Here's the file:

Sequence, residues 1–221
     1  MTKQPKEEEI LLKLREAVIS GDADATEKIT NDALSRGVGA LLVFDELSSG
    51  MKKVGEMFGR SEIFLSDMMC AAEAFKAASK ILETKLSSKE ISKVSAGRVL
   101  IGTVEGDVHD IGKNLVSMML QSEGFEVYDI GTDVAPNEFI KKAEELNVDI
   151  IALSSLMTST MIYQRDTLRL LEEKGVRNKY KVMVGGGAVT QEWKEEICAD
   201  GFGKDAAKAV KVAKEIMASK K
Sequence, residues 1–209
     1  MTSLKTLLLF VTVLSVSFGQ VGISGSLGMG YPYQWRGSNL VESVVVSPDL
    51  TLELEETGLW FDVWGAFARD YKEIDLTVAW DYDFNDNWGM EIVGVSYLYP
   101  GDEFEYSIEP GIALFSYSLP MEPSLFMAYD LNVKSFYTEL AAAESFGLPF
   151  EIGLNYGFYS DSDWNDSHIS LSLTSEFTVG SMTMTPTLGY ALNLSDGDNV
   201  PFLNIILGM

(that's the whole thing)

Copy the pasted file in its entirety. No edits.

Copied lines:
Sequence, residues 1–221
     1  MTKQPKEEEI LLKLREAVIS GDADATEKIT NDALSRGVGA LLVFDELSSG
    51  MKKVGEMFGR SEIFLSDMMC AAEAFKAASK ILETKLSSKE ISKVSAGRVL
   101  IGTVEGDVHD IGKNLVSMML QSEGFEVYDI GTDVAPNEFI KKAEELNVDI
   151  IALSSLMTST MIYQRDTLRL LEEKGVRNKY KVMVGGGAVT QEWKEEICAD
   201  GFGKDAAKAV KVAKEIMASK K
Sequence, residues 1–209
     1  MTSLKTLLLF VTVLSVSFGQ VGISGSLGMG YPYQWRGSNL VESVVVSPDL
    51  TLELEETGLW FDVWGAFARD YKEIDLTVAW DYDFNDNWGM EIVGVSYLYP
   101  GDEFEYSIEP GIALFSYSLP MEPSLFMAYD LNVKSFYTEL AAAESFGLPF
   151  EIGLNYGFYS DSDWNDSHIS LSLTSEFTVG SMTMTPTLGY ALNLSDGDNV
   201  PFLNIILGM